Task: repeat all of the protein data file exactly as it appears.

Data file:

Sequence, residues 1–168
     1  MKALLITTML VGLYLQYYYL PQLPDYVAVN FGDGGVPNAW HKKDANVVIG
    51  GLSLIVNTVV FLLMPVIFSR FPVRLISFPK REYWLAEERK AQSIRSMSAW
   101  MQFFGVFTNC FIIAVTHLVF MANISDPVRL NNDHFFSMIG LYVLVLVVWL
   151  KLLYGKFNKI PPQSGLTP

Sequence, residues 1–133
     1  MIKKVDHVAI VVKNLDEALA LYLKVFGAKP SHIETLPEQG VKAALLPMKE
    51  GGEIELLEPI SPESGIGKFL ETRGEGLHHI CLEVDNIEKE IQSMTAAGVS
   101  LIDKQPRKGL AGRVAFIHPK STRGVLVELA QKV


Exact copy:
Sequence, residues 1–168
     1  MKALLITTML VGLYLQYYYL PQLPDYVAVN FGDGGVPNAW HKKDANVVIG
    51  GLSLIVNTVV FLLMPVIFSR FPVRLISFPK REYWLAEERK AQSIRSMSAW
   101  MQFFGVFTNC FIIAVTHLVF MANISDPVRL NNDHFFSMIG LYVLVLVVWL
   151  KLLYGKFNKI PPQSGLTP

Sequence, residues 1–133
     1  MIKKVDHVAI VVKNLDEALA LYLKVFGAKP SHIETLPEQG VKAALLPMKE
    51  GGEIELLEPI SPESGIGKFL ETRGEGLHHI CLEVDNIEKE IQSMTAAGVS
   101  LIDKQPRKGL AGRVAFIHPK STRGVLVELA QKV